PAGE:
Using the “World-Imagery” base map in ArcGIS ArcMap, along with census tract shapefiles and U.S. Census data from the 2010 American Community Survey 5-year population estimates, I sought to compare tree canopy coverage and wealth, along with other variables. Like Dr. De Chant’s post, my methods are simple and non-scientific, and involve the selection of four census tracts from a single region, each representing a different level of tree canopy coverage based on eyeballing the images. What I did differently, however, is choose groups of census tracts that have similar population densities (usually within 1,000 people per square mile of each other). In most cases, neighborhoods with lower population densities are able to house more trees due to larger parcels of land and the ability to incorporate more natural land areas. As mentioned by Zhu & Zhang (2008), wealthier communities often have more canopy coverage due to larger properties and the push of residents to have more trees as aesthetically pleasing luxury goods. Wealthier communities are also better able to maintain and replenish their street trees.
Thus, I sought to compare tree canopy coverage in census tracts of similar population densities to find out whether there are differences in wealth, race, and modes of commuting. Of course, similar population density does not go hand-in-hand with population distribution across the landscape, but it certainly increases the likelihood. For example, two census tracts could have the same land area but one tract is divided in half by a dense apartment complex and industrial warehouses. The other tract is fully covered by a single-family home development, yet both have the same population density. I tried, however, to limit this condition as much as possible and to limit visible land uses to residential in most cases. I was indiscriminate in choosing these census tracts and thus did not look at the census data before selecting them as to not bias the results. I only looked at population density and the visible tree coverage for selection.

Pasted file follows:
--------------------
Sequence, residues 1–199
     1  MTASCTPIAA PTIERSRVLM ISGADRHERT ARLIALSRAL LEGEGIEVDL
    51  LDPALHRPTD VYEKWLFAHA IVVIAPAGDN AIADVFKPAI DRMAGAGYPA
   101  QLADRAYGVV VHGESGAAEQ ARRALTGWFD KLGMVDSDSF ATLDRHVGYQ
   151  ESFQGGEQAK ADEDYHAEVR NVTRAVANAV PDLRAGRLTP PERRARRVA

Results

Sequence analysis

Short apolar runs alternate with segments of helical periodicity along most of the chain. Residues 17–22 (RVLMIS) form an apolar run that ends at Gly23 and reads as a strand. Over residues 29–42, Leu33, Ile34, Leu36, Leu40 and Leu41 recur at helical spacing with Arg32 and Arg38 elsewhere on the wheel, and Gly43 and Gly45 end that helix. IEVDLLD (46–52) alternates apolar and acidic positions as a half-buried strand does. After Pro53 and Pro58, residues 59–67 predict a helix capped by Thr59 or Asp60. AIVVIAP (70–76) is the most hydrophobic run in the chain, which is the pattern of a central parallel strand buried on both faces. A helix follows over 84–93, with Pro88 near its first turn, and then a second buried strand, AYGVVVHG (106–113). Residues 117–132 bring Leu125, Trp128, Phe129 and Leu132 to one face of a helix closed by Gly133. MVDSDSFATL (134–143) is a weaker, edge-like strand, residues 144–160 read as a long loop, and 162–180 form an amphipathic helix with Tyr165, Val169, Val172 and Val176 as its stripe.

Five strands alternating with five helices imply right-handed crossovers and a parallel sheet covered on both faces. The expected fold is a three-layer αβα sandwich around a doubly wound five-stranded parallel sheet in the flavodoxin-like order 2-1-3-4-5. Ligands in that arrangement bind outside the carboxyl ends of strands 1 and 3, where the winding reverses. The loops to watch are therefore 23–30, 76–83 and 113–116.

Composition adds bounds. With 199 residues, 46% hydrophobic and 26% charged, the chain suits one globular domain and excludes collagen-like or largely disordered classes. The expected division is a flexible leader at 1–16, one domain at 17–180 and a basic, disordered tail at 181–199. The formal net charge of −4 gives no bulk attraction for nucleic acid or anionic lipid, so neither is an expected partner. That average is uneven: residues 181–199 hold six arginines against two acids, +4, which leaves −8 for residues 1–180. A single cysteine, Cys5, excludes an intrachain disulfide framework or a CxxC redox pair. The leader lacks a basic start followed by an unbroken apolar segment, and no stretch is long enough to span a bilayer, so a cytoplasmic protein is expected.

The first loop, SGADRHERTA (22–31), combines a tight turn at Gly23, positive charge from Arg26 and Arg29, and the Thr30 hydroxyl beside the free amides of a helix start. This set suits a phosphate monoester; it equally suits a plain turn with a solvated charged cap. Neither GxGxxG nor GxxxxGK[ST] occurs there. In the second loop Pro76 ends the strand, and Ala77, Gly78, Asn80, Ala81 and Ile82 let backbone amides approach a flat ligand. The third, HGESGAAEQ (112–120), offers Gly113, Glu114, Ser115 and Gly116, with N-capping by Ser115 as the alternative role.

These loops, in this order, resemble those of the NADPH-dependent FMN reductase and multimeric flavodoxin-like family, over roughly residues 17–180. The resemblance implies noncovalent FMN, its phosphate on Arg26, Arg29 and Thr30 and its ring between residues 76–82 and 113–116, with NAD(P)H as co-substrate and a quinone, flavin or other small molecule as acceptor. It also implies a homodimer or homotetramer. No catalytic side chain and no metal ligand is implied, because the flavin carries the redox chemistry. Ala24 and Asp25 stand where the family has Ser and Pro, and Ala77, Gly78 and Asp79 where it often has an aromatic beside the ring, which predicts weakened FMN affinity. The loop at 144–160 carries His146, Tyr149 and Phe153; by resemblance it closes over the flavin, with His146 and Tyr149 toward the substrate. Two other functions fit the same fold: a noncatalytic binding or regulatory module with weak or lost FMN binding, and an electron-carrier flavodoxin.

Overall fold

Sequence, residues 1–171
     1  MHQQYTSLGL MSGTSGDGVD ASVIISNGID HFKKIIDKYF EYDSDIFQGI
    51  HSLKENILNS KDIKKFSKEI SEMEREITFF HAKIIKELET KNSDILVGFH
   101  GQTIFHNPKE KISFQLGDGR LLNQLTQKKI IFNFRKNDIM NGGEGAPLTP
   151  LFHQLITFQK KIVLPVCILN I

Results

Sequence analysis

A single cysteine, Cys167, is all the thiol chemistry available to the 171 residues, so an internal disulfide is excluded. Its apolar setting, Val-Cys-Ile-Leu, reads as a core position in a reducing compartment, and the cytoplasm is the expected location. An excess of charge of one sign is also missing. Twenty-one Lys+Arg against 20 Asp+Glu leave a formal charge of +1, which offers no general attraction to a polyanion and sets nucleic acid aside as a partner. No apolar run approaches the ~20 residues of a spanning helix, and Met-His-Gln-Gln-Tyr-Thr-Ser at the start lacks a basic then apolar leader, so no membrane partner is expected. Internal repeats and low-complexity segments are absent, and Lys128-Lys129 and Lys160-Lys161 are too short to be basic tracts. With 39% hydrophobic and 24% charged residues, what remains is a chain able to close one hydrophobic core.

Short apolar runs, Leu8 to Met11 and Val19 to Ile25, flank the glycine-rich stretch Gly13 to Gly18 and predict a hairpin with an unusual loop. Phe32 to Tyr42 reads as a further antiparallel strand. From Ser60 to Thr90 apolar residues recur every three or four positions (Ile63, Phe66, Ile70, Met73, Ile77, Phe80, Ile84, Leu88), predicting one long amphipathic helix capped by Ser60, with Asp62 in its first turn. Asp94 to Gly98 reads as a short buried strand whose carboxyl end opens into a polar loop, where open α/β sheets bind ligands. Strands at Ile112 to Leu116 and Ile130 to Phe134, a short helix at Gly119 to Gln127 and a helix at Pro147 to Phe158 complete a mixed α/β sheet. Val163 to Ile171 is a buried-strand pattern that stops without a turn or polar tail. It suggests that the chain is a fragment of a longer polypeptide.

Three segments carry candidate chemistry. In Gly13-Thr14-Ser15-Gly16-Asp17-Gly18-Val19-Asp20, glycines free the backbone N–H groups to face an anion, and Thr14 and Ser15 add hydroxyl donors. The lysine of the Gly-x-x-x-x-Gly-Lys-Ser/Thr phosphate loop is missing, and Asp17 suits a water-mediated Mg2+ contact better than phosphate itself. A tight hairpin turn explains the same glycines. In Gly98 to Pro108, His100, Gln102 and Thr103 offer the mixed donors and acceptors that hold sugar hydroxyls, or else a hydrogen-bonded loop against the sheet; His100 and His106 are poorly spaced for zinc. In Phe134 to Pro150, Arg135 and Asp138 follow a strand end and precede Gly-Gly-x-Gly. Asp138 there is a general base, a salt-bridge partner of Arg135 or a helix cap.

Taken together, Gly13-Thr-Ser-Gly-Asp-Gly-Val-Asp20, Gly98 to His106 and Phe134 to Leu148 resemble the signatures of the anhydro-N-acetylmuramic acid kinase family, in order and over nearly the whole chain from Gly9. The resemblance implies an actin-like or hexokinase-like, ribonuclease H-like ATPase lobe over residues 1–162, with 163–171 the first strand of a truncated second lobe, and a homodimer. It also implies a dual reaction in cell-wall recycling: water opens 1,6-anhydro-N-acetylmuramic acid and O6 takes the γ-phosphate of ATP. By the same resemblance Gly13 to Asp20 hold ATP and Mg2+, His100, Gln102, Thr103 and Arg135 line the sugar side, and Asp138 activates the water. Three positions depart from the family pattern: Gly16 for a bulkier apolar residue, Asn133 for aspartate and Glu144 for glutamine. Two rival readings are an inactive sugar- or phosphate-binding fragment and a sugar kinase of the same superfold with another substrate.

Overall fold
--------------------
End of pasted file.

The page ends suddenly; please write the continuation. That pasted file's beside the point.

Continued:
Below are image series of census tracts from different areas of the country with complimentary Census data underneath each tract.
Key to the table abbreviations:
POPD = Population Density, POP = Total Population, MHHI = Median Household Income, MFI = Median Family Income, CPA = Percent on Cash Public Assistance, FSTP = Percent Receiving Food Stamps, IBPV = Percent Who’s Income is Below Poverty Level, UNPD = Percent Unemployed, WHT = Percent White, ASN = Percent Asian, PBTR = Percent Commuting by Public Transportation, WLK = Percent Commuting by Walking.
The results of this very small survey of tree canopy coverage by census tract in three areas of the United States indicate a varied relationship between income and tree coverage. The most solid median household income relationship to tree canopy coverage occurred in the southern Bergen County area in New Jersey. The census tracts in the Houston area also closely represented this relationship. In Charlotte and Newark, however, the relationship seemed to fall apart. This could be for a number of reasons. First of all, since I was looking for tracts with similar population densities, this restricted my search. I could have been biased and purposely selected a series of census tracts in the Charlotte area that represented the positive relationship between income and tree canopy coverage, but I did not do so.